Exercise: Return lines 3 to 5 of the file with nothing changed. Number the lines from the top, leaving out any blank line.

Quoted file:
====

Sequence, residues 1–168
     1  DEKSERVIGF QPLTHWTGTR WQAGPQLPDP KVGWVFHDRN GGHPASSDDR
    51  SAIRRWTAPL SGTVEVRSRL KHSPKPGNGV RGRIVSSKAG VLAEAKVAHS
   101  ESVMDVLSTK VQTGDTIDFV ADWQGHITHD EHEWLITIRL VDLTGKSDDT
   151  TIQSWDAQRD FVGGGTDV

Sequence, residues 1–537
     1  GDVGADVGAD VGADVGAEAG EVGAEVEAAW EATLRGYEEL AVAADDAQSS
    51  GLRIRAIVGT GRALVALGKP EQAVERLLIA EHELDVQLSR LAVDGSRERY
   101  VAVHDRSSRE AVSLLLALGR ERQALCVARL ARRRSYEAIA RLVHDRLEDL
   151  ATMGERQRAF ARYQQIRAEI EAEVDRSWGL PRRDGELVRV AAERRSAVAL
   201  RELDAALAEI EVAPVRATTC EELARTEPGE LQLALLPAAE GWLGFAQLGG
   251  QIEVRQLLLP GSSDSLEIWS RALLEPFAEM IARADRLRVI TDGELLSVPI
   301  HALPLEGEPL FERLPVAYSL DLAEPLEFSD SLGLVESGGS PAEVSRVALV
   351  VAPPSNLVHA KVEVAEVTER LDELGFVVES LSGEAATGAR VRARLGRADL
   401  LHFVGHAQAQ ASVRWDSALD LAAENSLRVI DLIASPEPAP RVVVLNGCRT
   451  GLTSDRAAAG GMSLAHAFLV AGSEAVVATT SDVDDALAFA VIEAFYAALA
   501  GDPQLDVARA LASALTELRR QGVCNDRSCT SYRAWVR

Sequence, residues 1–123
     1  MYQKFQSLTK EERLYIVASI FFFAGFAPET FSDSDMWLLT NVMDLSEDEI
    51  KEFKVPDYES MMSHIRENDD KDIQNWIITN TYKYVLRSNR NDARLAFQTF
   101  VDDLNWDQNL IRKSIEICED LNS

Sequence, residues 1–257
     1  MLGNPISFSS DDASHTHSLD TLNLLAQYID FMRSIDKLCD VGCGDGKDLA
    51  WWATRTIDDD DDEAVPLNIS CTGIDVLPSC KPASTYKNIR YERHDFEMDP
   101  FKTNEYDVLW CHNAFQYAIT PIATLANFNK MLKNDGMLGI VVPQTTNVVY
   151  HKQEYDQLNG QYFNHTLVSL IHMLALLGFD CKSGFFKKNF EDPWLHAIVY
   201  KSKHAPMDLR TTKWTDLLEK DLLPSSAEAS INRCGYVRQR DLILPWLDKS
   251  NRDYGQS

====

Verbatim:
    51  SAIRRWTAPL SGTVEVRSRL KHSPKPGNGV RGRIVSSKAG VLAEAKVAHS
   101  ESVMDVLSTK VQTGDTIDFV ADWQGHITHD EHEWLITIRL VDLTGKSDDT
   151  TIQSWDAQRD FVGGGTDV